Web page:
This same problem plagued me for a week. I had to submit a password from user input through subprocess securely because I was trying to avoid introducing a command injection vulnerability. Here is how I solved the problem with a little help from a colleague.
command = ['command', 'option1', '--password']
The .wait(timeout=int) was the most important component because it allows the user to feed input to stdin. Otherwise, the timeout is defaulted to 0 and leaves the user no time to enter input, which consequently results in a None or null string. Took me FOREVER to figure this out.
For repeat use-cases where you know you'll have to do this multiple times, you can override the popen function and use it as a private method which I was told by the same programmer is best practice if you anticipate someone else will be interested in maintaining the code later on and you don't want them to mess with it.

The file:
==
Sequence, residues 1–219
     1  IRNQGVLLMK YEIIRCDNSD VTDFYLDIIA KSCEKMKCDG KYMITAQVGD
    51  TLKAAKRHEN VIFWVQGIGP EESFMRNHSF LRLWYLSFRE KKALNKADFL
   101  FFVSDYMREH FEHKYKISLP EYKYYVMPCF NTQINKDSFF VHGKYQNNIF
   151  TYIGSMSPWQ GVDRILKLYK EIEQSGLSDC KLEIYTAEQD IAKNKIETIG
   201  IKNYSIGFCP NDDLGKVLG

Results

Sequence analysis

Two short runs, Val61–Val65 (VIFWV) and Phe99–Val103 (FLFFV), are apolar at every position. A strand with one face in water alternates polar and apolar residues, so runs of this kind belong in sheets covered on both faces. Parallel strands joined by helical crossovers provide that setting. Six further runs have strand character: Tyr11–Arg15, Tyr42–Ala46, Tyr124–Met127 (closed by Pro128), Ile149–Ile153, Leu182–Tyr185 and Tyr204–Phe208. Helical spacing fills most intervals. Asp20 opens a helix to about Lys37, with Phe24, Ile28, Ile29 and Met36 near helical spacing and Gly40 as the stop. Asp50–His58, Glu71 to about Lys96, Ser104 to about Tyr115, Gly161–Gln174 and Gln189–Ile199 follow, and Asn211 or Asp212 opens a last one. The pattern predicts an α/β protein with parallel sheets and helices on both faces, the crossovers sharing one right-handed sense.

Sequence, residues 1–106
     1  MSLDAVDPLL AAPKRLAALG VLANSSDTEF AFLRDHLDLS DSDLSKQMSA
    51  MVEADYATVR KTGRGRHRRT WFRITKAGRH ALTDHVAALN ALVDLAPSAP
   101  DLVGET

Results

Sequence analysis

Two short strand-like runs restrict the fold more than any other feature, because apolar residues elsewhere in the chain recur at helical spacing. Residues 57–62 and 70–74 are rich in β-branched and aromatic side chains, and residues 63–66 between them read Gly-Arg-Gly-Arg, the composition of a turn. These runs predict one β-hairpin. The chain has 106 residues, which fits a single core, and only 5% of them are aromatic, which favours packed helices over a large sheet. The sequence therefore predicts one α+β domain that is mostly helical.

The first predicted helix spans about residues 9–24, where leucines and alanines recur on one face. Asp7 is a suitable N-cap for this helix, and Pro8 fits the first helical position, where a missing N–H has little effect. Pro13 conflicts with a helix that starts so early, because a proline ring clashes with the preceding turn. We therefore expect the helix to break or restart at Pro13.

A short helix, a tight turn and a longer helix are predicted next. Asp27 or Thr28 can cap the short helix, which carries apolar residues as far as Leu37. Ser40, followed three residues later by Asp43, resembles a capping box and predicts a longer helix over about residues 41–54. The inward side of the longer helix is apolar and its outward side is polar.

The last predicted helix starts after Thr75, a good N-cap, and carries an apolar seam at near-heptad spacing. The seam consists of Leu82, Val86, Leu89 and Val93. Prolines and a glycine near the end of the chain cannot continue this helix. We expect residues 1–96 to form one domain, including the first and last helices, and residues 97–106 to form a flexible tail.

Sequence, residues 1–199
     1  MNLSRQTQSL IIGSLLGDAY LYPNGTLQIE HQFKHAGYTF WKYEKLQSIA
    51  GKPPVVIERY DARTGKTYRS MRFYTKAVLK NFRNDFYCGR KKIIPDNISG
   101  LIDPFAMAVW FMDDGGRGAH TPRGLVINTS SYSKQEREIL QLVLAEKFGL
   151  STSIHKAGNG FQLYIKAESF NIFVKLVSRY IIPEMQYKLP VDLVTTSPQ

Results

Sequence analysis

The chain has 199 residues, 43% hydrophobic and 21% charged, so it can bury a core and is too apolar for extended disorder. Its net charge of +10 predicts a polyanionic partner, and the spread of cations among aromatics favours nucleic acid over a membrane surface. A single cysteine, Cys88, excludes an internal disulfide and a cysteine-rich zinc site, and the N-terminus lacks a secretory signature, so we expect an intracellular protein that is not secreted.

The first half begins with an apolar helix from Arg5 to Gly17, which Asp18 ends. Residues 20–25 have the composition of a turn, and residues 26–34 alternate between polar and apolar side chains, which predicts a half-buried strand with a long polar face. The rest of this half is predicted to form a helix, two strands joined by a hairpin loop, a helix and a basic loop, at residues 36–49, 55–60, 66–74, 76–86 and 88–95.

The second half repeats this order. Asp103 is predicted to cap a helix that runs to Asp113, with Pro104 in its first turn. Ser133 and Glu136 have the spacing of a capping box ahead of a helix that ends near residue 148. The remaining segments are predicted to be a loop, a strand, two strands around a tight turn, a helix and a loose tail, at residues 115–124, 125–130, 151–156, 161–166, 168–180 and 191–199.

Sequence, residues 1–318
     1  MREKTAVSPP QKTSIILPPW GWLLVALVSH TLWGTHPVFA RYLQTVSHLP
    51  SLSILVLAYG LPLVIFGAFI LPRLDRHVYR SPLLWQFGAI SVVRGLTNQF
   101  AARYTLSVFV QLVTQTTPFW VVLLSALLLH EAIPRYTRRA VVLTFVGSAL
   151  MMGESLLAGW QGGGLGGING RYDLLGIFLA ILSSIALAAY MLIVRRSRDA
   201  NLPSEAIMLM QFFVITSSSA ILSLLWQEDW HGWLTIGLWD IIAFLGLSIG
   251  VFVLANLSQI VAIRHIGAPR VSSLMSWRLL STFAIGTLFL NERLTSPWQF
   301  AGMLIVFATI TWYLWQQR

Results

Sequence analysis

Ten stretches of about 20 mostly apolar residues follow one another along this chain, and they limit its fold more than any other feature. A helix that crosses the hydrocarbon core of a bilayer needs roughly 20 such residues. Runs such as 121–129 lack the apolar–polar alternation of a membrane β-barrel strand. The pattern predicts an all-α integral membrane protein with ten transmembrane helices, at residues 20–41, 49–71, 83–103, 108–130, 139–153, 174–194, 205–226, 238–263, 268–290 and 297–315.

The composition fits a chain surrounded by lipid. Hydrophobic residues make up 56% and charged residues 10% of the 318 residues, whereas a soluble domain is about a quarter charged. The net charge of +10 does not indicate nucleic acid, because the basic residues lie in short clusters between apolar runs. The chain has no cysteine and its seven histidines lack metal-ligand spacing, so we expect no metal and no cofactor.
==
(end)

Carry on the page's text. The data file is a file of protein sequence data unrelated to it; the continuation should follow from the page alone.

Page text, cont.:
proc_h = subprocess.Popen(cmd, stdin=subprocess.PIPE)
return proc_h.poll() == os.EX_OK
It is important to remove stdout=subprocess.PIPE if the user is going to be prompted for input. Otherwise, the process appears to hang for 60 seconds, and the user doesn't get a prompt, nor do they realize they are expected to give a password. The stdout will naturally go to the shell window and allow the user to pass input to popen().
Also, just to explain why you return proc_h.poll() == os.EX_OK, is that it returns 0 if the command succeeded. This is just c-style best-practice for when you want to return system error codes in the event the function fails, while accounting for the fact that return 0 will be treated as "false" by the interpreter.